Last Sunday I attended a different church. It was weird to say the least. It felt strange and I felt awkward. I was unaccustomed to being at the mercy of some one else’s leadership. It wasn’t a bad thing; it was a weird thing.

The preacher leading the worship was enthusiastic and energized. He was prayed up, fired up, and lifted up. The thing I appreciated most about the church is that there were no clocks in the building. No one was worried about how long worship lasted or what direction it took once it started. They were there to worship not to be seen. In fact, as I read over their six page bulletin, I didn’t even see an order of worship. Mostly, it was six pages of prayer requests.

The preacher said several good things that morning but I have to say that I appreciated most this comment which I will paraphrase:

The problem with the church is that most folks think of it in the wrong way. Take ships for example. Most people get up and think that the church is a cruise ship. There everyone will be waited on hand and foot, drinks will be poured whenever they snap their fingers, and they will be entertained for an hour or so. After all, that’s what they have paid for.

But that is not what the church is, and certainly not how we should be thinking.

Instead we should be thinking of the church as a battle ship: And we are coming on board, at the invitation of The Captain, to get our orders.

That is brilliant, and true. It was the single best illustration I heard all morning (and the morning was nearly 2 hours!).

The church we worshiped with did things differently than I was accustomed to. I’m used to an order, a live band, a manuscripted sermon, a couple of cursory prayers, clocks (or people with them) and some well-timed responses from the people in the chaise lounge chairs pews. Instead, we prayed, we sang, we listened to a very poor sermon that I thought would never end (and yet we hung on every word because it was The Word), we prayed over people who would be leaving on other journeys, we didn’t even hear from the senior minister because the worship was conducted nearly entirely by the congregation, we were concerned about the Lord, and we fellowshiped in love.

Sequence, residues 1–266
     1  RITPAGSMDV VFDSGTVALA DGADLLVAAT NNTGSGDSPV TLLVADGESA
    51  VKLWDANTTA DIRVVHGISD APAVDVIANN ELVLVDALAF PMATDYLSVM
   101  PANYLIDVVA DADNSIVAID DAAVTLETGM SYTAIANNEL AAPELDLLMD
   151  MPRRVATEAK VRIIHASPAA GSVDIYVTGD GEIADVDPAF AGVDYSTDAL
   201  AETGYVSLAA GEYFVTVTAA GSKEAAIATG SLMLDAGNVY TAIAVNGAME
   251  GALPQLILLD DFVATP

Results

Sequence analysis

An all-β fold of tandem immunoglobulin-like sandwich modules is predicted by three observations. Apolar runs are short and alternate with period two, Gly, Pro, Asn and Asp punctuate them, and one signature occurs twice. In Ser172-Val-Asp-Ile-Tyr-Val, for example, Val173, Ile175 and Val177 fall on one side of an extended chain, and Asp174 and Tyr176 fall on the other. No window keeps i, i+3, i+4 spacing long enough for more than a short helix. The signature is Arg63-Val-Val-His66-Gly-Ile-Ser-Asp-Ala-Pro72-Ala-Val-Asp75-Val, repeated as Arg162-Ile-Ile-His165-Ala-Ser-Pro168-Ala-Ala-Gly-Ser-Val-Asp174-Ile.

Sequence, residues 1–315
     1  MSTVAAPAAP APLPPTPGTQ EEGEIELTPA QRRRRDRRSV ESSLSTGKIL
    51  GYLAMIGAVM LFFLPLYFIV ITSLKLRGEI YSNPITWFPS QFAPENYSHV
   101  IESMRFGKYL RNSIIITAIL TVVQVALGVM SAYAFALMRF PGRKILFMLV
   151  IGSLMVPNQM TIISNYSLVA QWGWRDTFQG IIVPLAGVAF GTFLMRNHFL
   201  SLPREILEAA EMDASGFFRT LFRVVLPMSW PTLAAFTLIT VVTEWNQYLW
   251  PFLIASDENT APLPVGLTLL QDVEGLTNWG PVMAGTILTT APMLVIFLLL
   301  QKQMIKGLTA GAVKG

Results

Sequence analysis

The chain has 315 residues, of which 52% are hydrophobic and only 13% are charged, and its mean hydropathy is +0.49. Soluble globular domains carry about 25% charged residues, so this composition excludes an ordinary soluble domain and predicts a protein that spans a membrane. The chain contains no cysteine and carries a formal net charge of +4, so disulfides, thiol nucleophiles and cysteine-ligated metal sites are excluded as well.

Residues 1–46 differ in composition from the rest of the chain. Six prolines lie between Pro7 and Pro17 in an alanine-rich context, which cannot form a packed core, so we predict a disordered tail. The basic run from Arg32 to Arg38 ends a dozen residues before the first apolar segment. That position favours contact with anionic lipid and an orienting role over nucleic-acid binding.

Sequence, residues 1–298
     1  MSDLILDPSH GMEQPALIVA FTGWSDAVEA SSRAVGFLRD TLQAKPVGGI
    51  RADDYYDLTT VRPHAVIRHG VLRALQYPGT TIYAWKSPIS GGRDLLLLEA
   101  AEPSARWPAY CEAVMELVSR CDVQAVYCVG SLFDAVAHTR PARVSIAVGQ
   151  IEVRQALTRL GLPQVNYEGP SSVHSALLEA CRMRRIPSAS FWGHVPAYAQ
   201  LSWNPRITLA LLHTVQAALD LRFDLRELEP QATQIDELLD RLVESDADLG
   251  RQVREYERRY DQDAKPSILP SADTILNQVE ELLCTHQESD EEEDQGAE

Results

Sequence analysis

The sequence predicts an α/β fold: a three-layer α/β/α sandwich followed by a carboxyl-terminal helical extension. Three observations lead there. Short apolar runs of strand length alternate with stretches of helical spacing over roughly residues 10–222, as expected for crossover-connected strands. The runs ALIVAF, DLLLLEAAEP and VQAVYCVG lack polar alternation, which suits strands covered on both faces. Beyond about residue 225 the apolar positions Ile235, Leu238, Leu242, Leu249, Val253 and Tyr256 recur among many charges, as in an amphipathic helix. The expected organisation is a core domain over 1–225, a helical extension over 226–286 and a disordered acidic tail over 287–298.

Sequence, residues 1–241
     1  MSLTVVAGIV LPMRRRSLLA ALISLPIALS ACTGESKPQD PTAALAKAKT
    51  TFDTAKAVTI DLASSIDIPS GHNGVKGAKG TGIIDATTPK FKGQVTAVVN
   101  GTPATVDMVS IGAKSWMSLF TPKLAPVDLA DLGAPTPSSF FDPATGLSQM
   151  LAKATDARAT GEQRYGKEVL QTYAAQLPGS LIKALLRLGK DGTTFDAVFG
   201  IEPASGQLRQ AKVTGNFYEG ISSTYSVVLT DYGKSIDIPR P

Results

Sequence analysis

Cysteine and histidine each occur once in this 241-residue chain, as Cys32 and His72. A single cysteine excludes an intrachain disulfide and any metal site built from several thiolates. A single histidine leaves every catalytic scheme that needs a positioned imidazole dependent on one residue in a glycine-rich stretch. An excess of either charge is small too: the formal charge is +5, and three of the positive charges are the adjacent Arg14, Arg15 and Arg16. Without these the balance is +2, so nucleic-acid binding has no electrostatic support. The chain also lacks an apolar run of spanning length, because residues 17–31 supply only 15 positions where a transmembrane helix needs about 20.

In fact, these folks were so concerned about attending the Lord in worship that they didn’t even pass the plate for an offering. They trusted the Lord to provide. No offering was even taken.

That was a congregation preparing to do battle. That was a church ready for her orders. That was a church blessed because they knew that the Jesus Way is not just about showing up (at church), but about being (the church). These are people who know that the Jesus way is not a cruise ship chugging along for some distant, exotic port but a battle ship preparing to engage the enemy on his open water.

Soli Deo Gloria!

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This entry was posted on Saturday, August 1st, 2009 at 10:56 am and is filed under Church and Society, Devotional. You can follow any responses to this entry through the RSS 2.0 feed. Both comments and pings are currently closed.
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6 Comments(+Add)

1   jay (aka j)
August 1st, 2009 at 3:40 pm

that sounds like a good church you went to.

I BTW wish more churches were passion-filled with prayer like that church you mentioned is.

prayer is somewhat neglected by many churches nowadays

in the name of getting onto other things.

and I wish there was more prayer by christians and in churches.

There is nothing more important in our relationship with God than prayer and worship

2   jay (aka j)
August 1st, 2009 at 3:44 pm

in case anyone was confused on what I was saying.

i meant to say,

I wish more churches were filled with passion and understand the importance of prayer.

prayer is something we as christians should be doing more of now more than ever.


Do not be anxious about anything, but in everything, by prayer and petition, with thanksgiving, present your requests to God. And the peace of God, which transcends all understanding, will guard your hearts and your minds in Christ Jesus”

(Philippians 4:6-7).

3   jay    
August 1st, 2009 at 6:02 pm

out of curiousity:

what was the sermon about?

4   Jerry
August 1st, 2009 at 6:56 pm


It’s not that the subject matter was terrible. It just wasn’t particularly meaty. And it was particularly long. I listened and he did have some important things to say–especially about honoring our leaders.

It was a good morning and I enjoyed being anonymous for a change.

Thanks Jay for stopping by.

5   Joe C    
August 1st, 2009 at 7:16 pm

It’s fun to be a by-stander every once and a while. It’s good to know a pastor would do that Jerry. I bet you learned a lot.

6   Jerry
August 1st, 2009 at 7:21 pm


Indeed. Indeed.